The clinic with Olympic dressage rider, Laura Graves, has come and gone, but we're still replaying those lessons in our heads here at Unexpected Farm. What struck me most about these 2 days of learning is that whether a horse is schooling Training level dressage, Beginner Novice Eventing, or is working consistently at the Grand Prix level, there is so much that is the same. And a lot of it, when you break it down, is simple. But simple does not always mean easy... good thing riding is a life-long endeavor! Here are 5 of my favorite take-aways from Laura: 1. 𝗕𝗲 𝗵𝗼𝗻𝗲𝘀𝘁 𝘄𝗶𝘁𝗵 𝘆𝗼𝘂𝗿𝘀𝗲𝗹𝗳 𝗮𝗻𝗱 𝘆𝗼𝘂𝗿 𝗵𝗼𝗿𝘀𝗲. The truth is, you're not always going to ride with a trainer, or someone the likes of Laura, watching you. We've got to develop self-sufficiency as riders, because that creates confidence, and that's a place that our horses can learn from. Part of developing self-sufficiency is being brutally honest with yourself, even about the little things. Do I know that my horse only gave me 50% of what I just asked for, but I let it slide because I'm feeling a little lackadaisical today? Be honest with yourself. Do I know, deep down, that what I'm asking of my horse is unreasonable? Maybe I've signed up for a show that has a water complex but I've only schooled water once this year. Be honest with yourself. These truths usually take a moment of reflection but as they add up, they become something we all can appreciate in ourselves: discipline.
2. 𝗦𝘁𝗿𝗮𝗶𝗴𝗵𝘁𝗻𝗲𝘀𝘀 𝗺𝗲𝗮𝗻𝘀 𝗯𝗲𝗶𝗻𝗴 𝗲𝗾𝘂𝗮𝗹𝗹𝘆 𝘀𝘂𝗽𝗽𝗹𝗲 𝗼𝗻 𝗯𝗼𝘁𝗵 𝘀𝗶𝗱𝗲𝘀. Whether you're a jumping rider or a rider who prefers to never leave the ground, straightness is a KEY part of the training scale. The longer-term product of straightness can be even, clean flying changes, or clean jumping rounds because your horse is powering off of his hind end equally. Straightness requires constant check-ins on a moment-to-moment basis in order to achieve. Can you bend your horse a little left, then a little right? When tracking on a circle, can you achieve the outside bend just as easily as the inside bend? Horses, like people, tend to favor one side over the other (hello, right-handedness!), so think of straightness as developing your horse's ability to be ambidextrous.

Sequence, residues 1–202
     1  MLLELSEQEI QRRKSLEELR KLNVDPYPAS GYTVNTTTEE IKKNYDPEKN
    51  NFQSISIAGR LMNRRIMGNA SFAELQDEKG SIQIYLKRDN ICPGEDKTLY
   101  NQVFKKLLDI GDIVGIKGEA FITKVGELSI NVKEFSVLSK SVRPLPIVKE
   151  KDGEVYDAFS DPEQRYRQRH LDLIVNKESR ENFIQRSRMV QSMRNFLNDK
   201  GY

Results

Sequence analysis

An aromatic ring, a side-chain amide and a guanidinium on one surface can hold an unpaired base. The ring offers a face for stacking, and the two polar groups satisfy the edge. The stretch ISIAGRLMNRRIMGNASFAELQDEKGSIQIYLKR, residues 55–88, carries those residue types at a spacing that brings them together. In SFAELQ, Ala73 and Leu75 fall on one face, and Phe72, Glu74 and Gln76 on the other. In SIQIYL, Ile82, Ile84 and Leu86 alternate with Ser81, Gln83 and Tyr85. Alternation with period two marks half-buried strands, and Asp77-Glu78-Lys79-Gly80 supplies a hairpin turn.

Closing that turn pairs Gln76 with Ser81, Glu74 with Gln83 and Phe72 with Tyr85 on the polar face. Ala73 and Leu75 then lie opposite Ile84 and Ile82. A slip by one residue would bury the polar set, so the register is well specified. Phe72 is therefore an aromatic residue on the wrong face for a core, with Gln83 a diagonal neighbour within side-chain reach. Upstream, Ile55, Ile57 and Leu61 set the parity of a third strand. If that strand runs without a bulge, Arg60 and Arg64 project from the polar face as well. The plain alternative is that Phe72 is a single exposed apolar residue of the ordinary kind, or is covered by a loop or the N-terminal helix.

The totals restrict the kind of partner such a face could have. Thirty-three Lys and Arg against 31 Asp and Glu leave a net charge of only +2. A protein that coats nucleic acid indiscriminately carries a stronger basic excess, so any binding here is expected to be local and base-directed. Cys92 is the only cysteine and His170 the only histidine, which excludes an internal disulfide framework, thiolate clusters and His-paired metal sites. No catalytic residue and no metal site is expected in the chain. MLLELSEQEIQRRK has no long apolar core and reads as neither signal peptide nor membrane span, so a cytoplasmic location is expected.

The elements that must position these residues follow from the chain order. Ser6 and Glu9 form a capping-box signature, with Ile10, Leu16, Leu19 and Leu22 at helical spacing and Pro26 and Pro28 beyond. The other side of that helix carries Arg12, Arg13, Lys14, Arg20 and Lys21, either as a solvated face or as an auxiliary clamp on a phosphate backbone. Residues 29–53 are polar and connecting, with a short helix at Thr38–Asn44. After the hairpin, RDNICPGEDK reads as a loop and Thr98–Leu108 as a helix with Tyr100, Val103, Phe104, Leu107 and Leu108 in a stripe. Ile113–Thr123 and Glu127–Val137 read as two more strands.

3. 𝗖𝗼𝗹𝗹𝗲𝗰𝘁𝗶𝗼𝗻 𝗳𝗲𝗲𝗹𝘀 𝗹𝗶𝗸𝗲 𝗵𝗼𝗹𝗱𝗶𝗻𝗴 𝘁𝗵𝗲 𝗲𝗻𝗲𝗿𝗴𝘆 𝘁𝗵𝗮𝘁'𝘀 𝗿𝗲𝗮𝗱𝘆 𝗳𝗼𝗿 𝗲𝘅𝘁𝗲𝗻𝘀𝗶𝗼𝗻. This stuck with me all weekend, because we can often get sucked into this idea that we have to "generate" energy for collection or extension. But, as Laura reiterates, collection is the top of the training pyramid because it relies on everything else below it to be solidly established, including impulsion. That means, the energy has to ALREADY be there. Go back to #1 and check in with yourself - are you being 100% clear with your horse about your expectation regarding his level of effort and energy? Collection feels like, if you took your foot off the break, you'd fly across the ring in a Valegro-worthy extended trot.
4. 𝗧𝗵𝗲 𝗴𝗮𝗶𝘁 𝘆𝗼𝘂'𝗿𝗲 𝗶𝗻 𝘀𝗵𝗼𝘂𝗹𝗱 𝗮𝗹𝘄𝗮𝘆𝘀 𝗯𝗲 𝗿𝗲𝗮𝗱𝘆 𝗳𝗼𝗿 𝘁𝗵𝗲 𝗻𝗲𝘅𝘁 𝗴𝗮𝗶𝘁.
If you're riding the walk, think to yourself: could I canter from this walk? Could I do a turn on the haunches? Could I pick up a trot and trot over the crossrail at the end of the ring? As we're riding, we should aim to always have our horses responsive, forward, and focused enough that they're able to take on the next task. That is part of our job as their riders.
5. 𝗔𝗹𝗹𝗼𝘄 𝘁𝗵𝗲 𝗳𝗼𝗿𝘄𝗮𝗿𝗱, 𝗱𝗼𝗻'𝘁 𝗺𝗮𝗸𝗲 𝘁𝗵𝗲 𝗳𝗼𝗿𝘄𝗮𝗿𝗱. And finally, the most frequent lesson that Laura reiterated to nearly every rider who stepped into the ring: stop chasing your horse to create the energy. If you put your leg on, he should do something. If you cluck, he should do something. And if not, a tap with the whip to reinforce the leg must be your next step. As I often tell my students, it's actually unfair to your horse to only expect a timely, honest response from your horse some of the time. When you were in school, you were taught that 2+2=4 and that is true 100% of the time. Would it be fair if your teacher sometimes told you that 2+2=3 was correct? Or sometimes, when she was tired or distracted, tat 2+2=6 was okay too? No, because then you'd lose understanding and not know what was expected of you. If we put our leg on, there has to be a response each and every time - otherwise, our horses are left in an ambiguous gray zone where they're not sure what's truly expected of them. Thank you to Laura for bring fresh eyes and perspective to Unexpected Farm, and to all of our wonderful sponsors who made this experience possible!